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United Nations investigators have unveiled an extraordinary charge: that the crown prince of Saudi Arabia may have been personally involved in hacking Washington Post owner Jeff Bezos, one of the world’s richest men. Nick Schifrin reports and talks to Agnès Callamard, the UN’s special rapporteur on extrajudicial executions, about the evidence behind the assertion and what should happen next.
Today, two United Nations investigators unveiled an extraordinary charge: that the powerful crown prince of Saudi Arabia was possibly personally involved in the hacking of one of the world's richest men and the owner of The Washington Post.
Nick Schifrin is back with that story.
Judy, here's the story the U.N. allege.
In May 2018, Saudi Crown Prince Mohammed bin Salman met Washington Post owner and Amazon founder Jeff Bezos, and started messaging Bezos on the phone application WhatsApp.
Salman sent Bezos an MP4 video that contained software allowing Bezos' phoned to be hacked. Hours later, the phone started uploading all of Bezos' private data and messages.
Five months later, Saudi agents murdered Washington Post columnist Jamal Khashoggi. When The Post started investigating, Salman once again sent Bezos messages, this time about Bezos' affair that hadn't yet gone public. Bezos described it as — quote — "blackmail."
And, today, the U.N. described it as Salman's likely personal attempt to — quote — "influence, if not silence" The Washington Post.
One of the investigators is the U.N. special rapporteur on summary executions and extrajudicial killings, Agnes Callamard, and she joins me now.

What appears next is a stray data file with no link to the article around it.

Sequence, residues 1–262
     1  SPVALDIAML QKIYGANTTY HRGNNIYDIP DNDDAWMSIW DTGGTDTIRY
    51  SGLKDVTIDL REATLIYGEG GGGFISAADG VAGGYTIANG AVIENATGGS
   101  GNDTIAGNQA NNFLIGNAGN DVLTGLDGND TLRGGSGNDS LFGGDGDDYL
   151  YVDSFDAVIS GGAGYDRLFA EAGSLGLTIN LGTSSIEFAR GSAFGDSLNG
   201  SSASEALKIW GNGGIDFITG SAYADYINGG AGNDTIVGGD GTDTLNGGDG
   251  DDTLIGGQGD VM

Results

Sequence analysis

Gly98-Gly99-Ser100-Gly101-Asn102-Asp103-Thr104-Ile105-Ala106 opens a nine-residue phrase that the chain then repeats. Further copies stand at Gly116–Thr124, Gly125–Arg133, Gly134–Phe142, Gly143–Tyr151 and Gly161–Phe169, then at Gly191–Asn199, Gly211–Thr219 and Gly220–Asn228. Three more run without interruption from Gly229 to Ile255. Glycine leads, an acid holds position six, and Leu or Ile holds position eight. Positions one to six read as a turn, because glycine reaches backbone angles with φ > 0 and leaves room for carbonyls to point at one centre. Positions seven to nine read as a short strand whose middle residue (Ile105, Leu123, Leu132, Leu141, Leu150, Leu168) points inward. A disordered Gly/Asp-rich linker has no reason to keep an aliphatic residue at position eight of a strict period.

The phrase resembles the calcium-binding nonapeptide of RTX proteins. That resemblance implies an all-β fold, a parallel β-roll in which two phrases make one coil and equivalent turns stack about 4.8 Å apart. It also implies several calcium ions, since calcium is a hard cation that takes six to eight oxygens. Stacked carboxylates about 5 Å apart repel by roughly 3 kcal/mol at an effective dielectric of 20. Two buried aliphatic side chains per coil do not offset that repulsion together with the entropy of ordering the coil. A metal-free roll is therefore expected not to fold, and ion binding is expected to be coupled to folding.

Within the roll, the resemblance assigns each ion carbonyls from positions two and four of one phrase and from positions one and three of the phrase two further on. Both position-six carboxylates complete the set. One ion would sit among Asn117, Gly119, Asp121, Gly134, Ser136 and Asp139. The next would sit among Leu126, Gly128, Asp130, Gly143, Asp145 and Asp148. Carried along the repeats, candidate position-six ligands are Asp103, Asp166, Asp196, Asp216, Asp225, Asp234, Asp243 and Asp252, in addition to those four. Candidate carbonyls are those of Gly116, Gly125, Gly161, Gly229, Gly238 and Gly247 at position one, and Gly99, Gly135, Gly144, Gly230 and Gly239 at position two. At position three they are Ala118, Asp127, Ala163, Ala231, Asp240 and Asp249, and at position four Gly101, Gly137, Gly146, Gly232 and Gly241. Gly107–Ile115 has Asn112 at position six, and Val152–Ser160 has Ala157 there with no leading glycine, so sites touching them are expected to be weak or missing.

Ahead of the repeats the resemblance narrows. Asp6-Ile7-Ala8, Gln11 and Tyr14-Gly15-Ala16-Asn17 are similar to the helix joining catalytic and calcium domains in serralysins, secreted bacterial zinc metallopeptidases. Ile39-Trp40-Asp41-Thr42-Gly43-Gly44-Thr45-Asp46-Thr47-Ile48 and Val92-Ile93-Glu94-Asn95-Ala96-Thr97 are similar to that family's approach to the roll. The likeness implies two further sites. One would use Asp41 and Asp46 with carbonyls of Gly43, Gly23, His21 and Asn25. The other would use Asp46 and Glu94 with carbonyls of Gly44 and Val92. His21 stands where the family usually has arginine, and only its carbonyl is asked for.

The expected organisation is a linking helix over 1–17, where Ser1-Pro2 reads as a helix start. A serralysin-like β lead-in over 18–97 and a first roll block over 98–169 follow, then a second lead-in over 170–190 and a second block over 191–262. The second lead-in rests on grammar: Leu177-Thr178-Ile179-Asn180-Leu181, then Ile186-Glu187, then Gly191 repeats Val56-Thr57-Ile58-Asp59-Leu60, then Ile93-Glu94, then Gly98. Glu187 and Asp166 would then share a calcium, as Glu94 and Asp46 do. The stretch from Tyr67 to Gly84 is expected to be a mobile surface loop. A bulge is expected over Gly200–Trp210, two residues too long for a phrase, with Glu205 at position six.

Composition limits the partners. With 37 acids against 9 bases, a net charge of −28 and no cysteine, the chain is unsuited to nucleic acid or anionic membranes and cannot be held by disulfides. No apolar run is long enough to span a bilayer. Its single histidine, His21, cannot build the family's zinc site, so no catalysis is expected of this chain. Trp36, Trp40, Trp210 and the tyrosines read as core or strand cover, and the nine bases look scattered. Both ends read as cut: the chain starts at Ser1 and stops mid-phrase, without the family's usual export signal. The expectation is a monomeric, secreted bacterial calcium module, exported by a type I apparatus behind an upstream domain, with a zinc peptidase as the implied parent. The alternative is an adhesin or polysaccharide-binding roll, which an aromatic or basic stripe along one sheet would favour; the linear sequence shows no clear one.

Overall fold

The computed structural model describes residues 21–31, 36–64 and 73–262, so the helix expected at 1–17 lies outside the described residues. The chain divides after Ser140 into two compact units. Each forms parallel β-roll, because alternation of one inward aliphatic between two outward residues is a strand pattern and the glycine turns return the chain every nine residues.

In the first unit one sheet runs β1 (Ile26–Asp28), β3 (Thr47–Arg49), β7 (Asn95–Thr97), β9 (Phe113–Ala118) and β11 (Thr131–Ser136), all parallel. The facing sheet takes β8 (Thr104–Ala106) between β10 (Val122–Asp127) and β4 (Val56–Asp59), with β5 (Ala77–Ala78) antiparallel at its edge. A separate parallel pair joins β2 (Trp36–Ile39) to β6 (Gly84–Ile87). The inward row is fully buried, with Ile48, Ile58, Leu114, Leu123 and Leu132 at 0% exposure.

Welcome back to "NewsHour." Thank you very much.
Why do you believe that Mohammed bin Salman would likely personally be involved with this?
Well, that's what the evidence is pointing to.
The forensic investigation conducted by the FTI consultancy firm and backed up by four independent cybersecurity experts that we contacted reached a similar conclusion. The likelihood that the hacking originated from the WhatsApp account of — owned by Mohammed bin Salman is very high, and it is, in fact, the only hypothesis that could explain the hacking.
So our conclusion was reinforced through the very robust process that we undertook in order to check the conclusion by the initial forensic expert. And that led us today to release this information to inform the public, but also to send a warning to ensure that the wakeup call is being made that we are working, confronting, facing a technology that we are not controlling.
I want to get to that technology a little bit later, but I do need to read you what the Saudi government has said.
As you have seen, the Saudi official told us the kingdom rejected your conclusions and that — quote — "Saudi Arabia doesn't conduct illicit activities."
And here's what the Saudi Foreign Minister Prince Faisal bin Farhan had to say earlier:
Faisal bin Farhan Al Saud: The idea that the conference would hack Jeff Bezos' phone is absolutely silly.
And my understanding of the U.N. report, it's not actually a report. It's a statement based on a report by a private company that has not been vetted by an independent agency, and that, in its own conclusions, no hard evidence to substantiate the claims it's making.
So do you have hard evidence to substantiate the claims?
First of all, the FTI consultancy firm is composed of some of the best experts. It was vetted, because investigation into Mr. Bezos' phone is part of an ongoing FBI investigation. Therefore, the work by the team and the team was vetted by the FBI.
I have already described to you the process that we followed to check the information and the conclusion of the FTI.